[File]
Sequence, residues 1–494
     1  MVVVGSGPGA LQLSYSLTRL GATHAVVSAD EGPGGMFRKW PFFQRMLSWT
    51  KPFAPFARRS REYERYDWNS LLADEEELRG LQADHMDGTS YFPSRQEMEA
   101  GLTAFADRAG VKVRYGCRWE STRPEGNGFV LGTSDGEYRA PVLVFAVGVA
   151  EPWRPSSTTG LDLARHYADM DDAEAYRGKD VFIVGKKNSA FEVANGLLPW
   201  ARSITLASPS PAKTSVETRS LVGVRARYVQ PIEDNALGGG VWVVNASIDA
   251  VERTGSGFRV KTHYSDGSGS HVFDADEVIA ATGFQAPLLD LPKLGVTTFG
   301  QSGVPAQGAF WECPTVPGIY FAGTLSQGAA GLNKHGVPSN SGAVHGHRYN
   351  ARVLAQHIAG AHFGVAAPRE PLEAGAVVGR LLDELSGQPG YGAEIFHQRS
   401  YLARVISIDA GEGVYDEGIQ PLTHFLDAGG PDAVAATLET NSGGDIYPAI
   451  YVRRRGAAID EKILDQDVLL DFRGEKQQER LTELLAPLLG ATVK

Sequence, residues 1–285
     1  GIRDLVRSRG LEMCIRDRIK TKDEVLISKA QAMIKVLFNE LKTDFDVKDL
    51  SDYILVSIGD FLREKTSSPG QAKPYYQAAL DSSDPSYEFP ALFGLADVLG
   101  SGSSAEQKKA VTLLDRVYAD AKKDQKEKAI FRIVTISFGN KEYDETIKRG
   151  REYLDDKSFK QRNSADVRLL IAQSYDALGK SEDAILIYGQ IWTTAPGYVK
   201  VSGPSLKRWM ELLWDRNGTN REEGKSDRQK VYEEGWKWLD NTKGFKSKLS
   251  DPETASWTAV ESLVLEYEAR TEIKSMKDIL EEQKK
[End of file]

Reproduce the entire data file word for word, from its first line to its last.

Sequence, residues 1–494
     1  MVVVGSGPGA LQLSYSLTRL GATHAVVSAD EGPGGMFRKW PFFQRMLSWT
    51  KPFAPFARRS REYERYDWNS LLADEEELRG LQADHMDGTS YFPSRQEMEA
   101  GLTAFADRAG VKVRYGCRWE STRPEGNGFV LGTSDGEYRA PVLVFAVGVA
   151  EPWRPSSTTG LDLARHYADM DDAEAYRGKD VFIVGKKNSA FEVANGLLPW
   201  ARSITLASPS PAKTSVETRS LVGVRARYVQ PIEDNALGGG VWVVNASIDA
   251  VERTGSGFRV KTHYSDGSGS HVFDADEVIA ATGFQAPLLD LPKLGVTTFG
   301  QSGVPAQGAF WECPTVPGIY FAGTLSQGAA GLNKHGVPSN SGAVHGHRYN
   351  ARVLAQHIAG AHFGVAAPRE PLEAGAVVGR LLDELSGQPG YGAEIFHQRS
   401  YLARVISIDA GEGVYDEGIQ PLTHFLDAGG PDAVAATLET NSGGDIYPAI
   451  YVRRRGAAID EKILDQDVLL DFRGEKQQER LTELLAPLLG ATVK

Sequence, residues 1–285
     1  GIRDLVRSRG LEMCIRDRIK TKDEVLISKA QAMIKVLFNE LKTDFDVKDL
    51  SDYILVSIGD FLREKTSSPG QAKPYYQAAL DSSDPSYEFP ALFGLADVLG
   101  SGSSAEQKKA VTLLDRVYAD AKKDQKEKAI FRIVTISFGN KEYDETIKRG
   151  REYLDDKSFK QRNSADVRLL IAQSYDALGK SEDAILIYGQ IWTTAPGYVK
   201  VSGPSLKRWM ELLWDRNGTN REEGKSDRQK VYEEGWKWLD NTKGFKSKLS
   251  DPETASWTAV ESLVLEYEAR TEIKSMKDIL EEQKK